As he sat on a couch and watched a National Hockey League game between the New York Rangers and the Philadelphia Flyers at home with his friends in Peterborough, Ont. during the late 1990s, Nate Bedford was informed by his father that he was wanted on the telephone.
“I was telling him that I was watching the game and then he told me it was Roger,” Bedford recalled.
The man who was on the other end of the line was long-time family friend and coaching legend Roger Neilson, who was the head coach at the time for the Philadelphia Flyers.
“In between periods he called me to get my thoughts on goaltending and how the trap was working along with other hockey specific questions,” Bedford said. “He’s calling me right in the middle of an NHL game and my friends are looking at me with their mouths wide open.
“With him being best friends with my dad and me cutting his grass since I was 12 years old, I was fortunate enough to get to know him well. He saw that I really liked the game of hockey and he taught me quite a lot about it first hand.”
The things he got to see and learn from Neilson, along with his dad who was a head coach and general manager in the Ontario Junior A ranks, would eventually lead Bedford, 36, into the world of coaching and his current job as the general manager and head coach of the Battlefords North Stars.
Prior to that, though, he was a goaltender for the Ontario Junior Hockey League’s Lindsay Muskies from 1997 to 2001 and also suited up in a handful of games as a backup for the Ontario Hockey League’s Peterborough Petes.
“At the time I had desires to play in major junior hockey, so when I see guys like (former North Star and current Regina Pats forward) Braydon (Buziak) go out and chase their dreams, I totally get it,” Bedford said. “I didn’t get the opportunity to play much for the Petes but it was a great experience
“We had a really good team with the Muskies during that time. I wasn’t a great player so I knew that I would have to start figuring out what I was going to do after my career was over.”
Following one year of playing in Europe, Bedford came back home to help Neilson, who was an assistant coach with the Ottawa Senators at the time and had been diagnosed with cancer.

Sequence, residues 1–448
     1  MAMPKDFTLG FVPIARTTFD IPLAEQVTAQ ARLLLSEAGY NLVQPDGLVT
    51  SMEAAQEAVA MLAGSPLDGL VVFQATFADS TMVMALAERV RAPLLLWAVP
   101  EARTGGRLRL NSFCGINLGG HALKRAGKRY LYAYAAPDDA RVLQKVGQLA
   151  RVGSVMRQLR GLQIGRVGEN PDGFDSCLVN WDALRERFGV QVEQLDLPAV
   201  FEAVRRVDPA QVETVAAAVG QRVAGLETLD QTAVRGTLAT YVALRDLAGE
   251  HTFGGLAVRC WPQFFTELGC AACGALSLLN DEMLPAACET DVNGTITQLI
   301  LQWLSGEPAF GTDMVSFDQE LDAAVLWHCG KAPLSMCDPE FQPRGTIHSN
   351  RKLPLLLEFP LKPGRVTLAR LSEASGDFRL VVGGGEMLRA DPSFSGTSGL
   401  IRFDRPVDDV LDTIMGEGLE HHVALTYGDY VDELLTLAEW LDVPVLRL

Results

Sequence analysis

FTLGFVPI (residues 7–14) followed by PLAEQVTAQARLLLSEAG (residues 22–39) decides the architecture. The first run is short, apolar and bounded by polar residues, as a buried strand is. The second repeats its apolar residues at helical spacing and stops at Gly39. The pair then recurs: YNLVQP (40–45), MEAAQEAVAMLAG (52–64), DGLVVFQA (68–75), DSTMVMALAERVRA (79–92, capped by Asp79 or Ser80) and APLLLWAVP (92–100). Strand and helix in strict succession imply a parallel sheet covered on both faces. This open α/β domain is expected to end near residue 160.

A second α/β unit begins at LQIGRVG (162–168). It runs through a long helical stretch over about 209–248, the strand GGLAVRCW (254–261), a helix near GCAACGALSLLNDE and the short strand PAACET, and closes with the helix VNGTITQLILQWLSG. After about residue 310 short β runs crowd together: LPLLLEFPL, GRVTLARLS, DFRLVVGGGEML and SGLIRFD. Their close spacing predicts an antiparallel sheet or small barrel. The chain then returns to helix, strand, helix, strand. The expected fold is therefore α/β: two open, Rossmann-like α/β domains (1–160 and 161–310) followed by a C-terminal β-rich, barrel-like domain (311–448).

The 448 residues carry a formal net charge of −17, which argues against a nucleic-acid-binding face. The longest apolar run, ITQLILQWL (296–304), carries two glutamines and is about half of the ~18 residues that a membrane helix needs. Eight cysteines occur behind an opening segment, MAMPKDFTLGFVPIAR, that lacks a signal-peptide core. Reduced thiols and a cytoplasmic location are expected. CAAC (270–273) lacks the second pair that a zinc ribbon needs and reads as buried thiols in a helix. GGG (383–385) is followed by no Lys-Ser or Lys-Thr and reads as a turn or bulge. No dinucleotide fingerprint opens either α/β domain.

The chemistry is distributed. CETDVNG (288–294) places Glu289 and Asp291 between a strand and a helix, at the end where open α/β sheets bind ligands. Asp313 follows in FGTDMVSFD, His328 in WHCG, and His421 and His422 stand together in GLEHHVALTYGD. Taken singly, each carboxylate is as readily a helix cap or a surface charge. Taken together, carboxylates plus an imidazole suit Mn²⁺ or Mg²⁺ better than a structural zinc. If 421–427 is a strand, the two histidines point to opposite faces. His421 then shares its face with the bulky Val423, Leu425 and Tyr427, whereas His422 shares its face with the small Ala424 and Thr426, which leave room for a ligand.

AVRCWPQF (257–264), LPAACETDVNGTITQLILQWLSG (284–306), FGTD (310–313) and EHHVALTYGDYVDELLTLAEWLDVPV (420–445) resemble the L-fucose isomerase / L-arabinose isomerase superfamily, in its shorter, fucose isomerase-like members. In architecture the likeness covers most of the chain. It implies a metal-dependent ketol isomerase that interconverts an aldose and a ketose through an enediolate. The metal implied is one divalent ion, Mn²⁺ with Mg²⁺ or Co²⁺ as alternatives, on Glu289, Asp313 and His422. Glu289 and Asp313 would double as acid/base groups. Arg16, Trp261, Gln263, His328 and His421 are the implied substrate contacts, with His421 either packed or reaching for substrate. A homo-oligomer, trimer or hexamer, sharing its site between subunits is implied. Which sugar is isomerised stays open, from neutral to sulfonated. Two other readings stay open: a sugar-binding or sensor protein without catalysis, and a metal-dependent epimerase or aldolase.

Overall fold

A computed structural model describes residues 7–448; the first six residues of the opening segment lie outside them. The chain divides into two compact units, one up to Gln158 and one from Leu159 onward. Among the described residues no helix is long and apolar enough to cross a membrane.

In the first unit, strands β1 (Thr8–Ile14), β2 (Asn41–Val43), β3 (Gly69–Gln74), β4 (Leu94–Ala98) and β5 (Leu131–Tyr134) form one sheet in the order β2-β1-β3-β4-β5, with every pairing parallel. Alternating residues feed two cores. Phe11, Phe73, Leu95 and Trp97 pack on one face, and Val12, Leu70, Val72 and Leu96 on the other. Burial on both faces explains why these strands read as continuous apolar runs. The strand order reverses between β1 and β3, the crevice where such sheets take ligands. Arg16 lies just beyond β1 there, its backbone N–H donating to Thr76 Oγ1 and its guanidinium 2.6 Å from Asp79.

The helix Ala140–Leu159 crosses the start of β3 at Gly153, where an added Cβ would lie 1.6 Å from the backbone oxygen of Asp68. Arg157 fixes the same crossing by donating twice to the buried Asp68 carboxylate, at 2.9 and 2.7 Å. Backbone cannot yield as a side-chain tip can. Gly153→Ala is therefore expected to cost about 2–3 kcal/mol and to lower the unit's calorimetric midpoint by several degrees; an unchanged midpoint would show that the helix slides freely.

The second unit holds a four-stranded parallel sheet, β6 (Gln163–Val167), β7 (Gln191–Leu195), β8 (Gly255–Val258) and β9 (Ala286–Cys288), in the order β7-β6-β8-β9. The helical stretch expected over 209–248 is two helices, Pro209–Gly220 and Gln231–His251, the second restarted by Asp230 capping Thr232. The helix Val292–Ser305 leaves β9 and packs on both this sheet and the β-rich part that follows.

“I immediately hung up my skates and was going to support him with whatever he needed,” Bedford said.
In addition to helping Neilson with his medical needs, Bedford also had an opportunity to work with the Senators as a video coach.
Being alongside Neilson for his final two seasons in the National Hockey League before his passing in 2003 gave Bedford multiple lessons on coaching and life that he draws upon to this day.
“Roger was a quiet guy that didn’t need to be the centre of attention,” Bedford said. “He didn’t over coach or over talk guys. He was the guy they say supposedly invented video analysis, but he would be the first to tell you that if you take any more than five minutes in relaying your message to the players, you’re just wasting time.
“He was also as honest as they come. When he was on his last legs and didn’t have much left, he always carried a book with him that had all of his friends in it and he always did his best to try and communicate with them in his last days. He didn’t have a family, but he was a best friend to a lot of people. To see how much he cared for them is something that was very important for me to see.”
After his tenure with the Senators came to an end, Bedford ventured out into the real world.
“I went to school and I was also running hockey programs and being an on-ice instructor,” Bedford said.
“From that I got involved with being a recreations co-ordinator. I would go to facilities and help them open up along with getting different projects off of the ground.”
The job eventually led him to Fort McMurray, Alta., where he became an assistant coach for the Keyano College Huskies program in 2012.
Following two seasons in that role, he became the head coach for the team in 2014 and led the Huskies to a third place finish in the Alberta Colleges Athletic Conference last year.
“When I started with the program there was nothing there,” Bedford recalled. “In that first year you are trying to recruit as many guys as you can as quickly as possible.
“To see it build up from it’s infancy to being one of the top teams in the league was very rewarding. Then to have the program cancelled out of the blue was very frustrating.”
It was a rough spring for Bedford, his wife Katy and their infant son Rockwell.
Shortly after Keyano College elected to scrap the hockey program in April, their home in Fort McMurray burned to the ground in the wildfire that overtook the city.
After returning back home to Peterborough and wondering what was next, things turned around last month when the North Stars hired Bedford.
“The biggest thing I’ve noticed here so far is just how much support you get,” Bedford said “It’s a lot different than what I’m used to.
“There’s a billet co-ordinator, a full-time assistant coach and a full-time trainer, which certainly isn’t there for most coaches at the college level. The board of directors and the community are so supportive here and it’s very noticeable after being on an island, at times, at Keyano.”
When it comes to his future goals, Bedford and his family are currently working on a two-year plan.
“That’s the approach we took after everything happened in Fort McMurray,” Bedford said.
“I would like to coach as long as possible and if that’s still in the cards that would be great. However, I’m more than happy to get back involved in the recreation side of things if that doesn’t work out.”